TAIPEI — A sightseeing train stands abandoned on a mountainside in southern Taiwan. The railway in Alishan, a popular destination for Japanese tourists, should be taking thousands of visitors every day past red cypresses for panoramic views.

But no tourists can get there because the road leading up to the alpine resort was swept away by mudslides when Typhoon Morakot devastated the area in August.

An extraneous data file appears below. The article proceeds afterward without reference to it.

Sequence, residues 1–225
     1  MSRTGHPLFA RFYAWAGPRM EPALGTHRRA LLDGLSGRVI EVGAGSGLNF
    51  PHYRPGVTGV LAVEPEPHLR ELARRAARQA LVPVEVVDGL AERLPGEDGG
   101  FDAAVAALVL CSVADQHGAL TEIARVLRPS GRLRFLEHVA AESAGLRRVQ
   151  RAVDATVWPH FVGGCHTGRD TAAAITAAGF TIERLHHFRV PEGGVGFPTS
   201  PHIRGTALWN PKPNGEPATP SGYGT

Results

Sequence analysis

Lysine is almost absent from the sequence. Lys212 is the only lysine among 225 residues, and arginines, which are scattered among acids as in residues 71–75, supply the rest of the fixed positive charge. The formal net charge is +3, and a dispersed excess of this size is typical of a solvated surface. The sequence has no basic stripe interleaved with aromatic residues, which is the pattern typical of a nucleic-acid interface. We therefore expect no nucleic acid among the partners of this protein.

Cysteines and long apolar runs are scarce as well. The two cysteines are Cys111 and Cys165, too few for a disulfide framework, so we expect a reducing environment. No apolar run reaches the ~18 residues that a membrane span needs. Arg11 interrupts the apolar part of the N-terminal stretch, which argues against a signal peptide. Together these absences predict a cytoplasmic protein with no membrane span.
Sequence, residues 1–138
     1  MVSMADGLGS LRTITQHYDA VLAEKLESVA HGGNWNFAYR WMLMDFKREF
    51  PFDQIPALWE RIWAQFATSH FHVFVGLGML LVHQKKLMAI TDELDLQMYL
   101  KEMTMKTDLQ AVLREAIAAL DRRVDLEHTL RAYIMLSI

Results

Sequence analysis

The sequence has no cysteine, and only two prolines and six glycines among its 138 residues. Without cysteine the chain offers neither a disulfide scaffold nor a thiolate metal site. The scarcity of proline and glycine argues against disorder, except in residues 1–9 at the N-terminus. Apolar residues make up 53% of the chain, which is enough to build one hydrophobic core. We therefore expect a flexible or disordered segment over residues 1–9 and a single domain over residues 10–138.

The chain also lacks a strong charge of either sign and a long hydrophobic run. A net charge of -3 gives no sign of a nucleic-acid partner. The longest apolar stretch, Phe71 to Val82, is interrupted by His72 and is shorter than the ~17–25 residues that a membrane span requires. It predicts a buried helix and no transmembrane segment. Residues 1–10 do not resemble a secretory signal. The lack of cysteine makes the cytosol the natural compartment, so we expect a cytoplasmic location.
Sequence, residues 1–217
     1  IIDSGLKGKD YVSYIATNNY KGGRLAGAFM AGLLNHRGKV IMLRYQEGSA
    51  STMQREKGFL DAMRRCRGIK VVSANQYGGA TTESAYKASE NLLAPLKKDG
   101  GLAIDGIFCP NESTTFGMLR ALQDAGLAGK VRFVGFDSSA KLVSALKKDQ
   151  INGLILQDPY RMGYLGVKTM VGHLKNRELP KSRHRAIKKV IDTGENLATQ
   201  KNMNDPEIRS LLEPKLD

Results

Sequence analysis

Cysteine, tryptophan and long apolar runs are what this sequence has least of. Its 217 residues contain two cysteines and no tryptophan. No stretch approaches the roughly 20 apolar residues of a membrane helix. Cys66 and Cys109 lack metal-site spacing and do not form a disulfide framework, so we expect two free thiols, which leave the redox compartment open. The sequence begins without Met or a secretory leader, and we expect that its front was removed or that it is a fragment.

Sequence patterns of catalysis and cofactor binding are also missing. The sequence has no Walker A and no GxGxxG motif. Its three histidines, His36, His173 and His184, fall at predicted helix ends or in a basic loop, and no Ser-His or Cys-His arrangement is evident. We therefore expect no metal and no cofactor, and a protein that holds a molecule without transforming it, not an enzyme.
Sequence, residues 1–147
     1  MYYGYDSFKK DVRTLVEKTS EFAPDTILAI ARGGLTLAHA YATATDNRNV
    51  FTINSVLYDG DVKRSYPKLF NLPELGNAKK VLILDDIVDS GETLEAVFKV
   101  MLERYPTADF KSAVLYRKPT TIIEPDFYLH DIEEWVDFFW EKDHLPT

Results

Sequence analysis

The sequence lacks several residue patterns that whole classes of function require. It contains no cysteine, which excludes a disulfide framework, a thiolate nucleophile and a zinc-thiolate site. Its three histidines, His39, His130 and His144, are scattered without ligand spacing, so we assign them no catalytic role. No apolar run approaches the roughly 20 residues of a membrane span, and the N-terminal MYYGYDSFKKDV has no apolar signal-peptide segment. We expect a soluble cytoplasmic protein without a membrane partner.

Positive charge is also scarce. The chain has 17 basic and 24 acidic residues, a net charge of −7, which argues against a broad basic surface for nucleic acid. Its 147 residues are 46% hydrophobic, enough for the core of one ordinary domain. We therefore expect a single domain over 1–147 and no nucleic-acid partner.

It is generally believed that the typhoon, which killed more than 700 people, grew into an unusually powerful storm because of global warming. But Taiwan, because it is not a member of the United Nations, is only being represented by NGOs at the Climate Change Conference that kicked off Monday in Copenhagen. Many Taiwanese feel that while participating at any level is a step in the right direction, there is still a long way to go.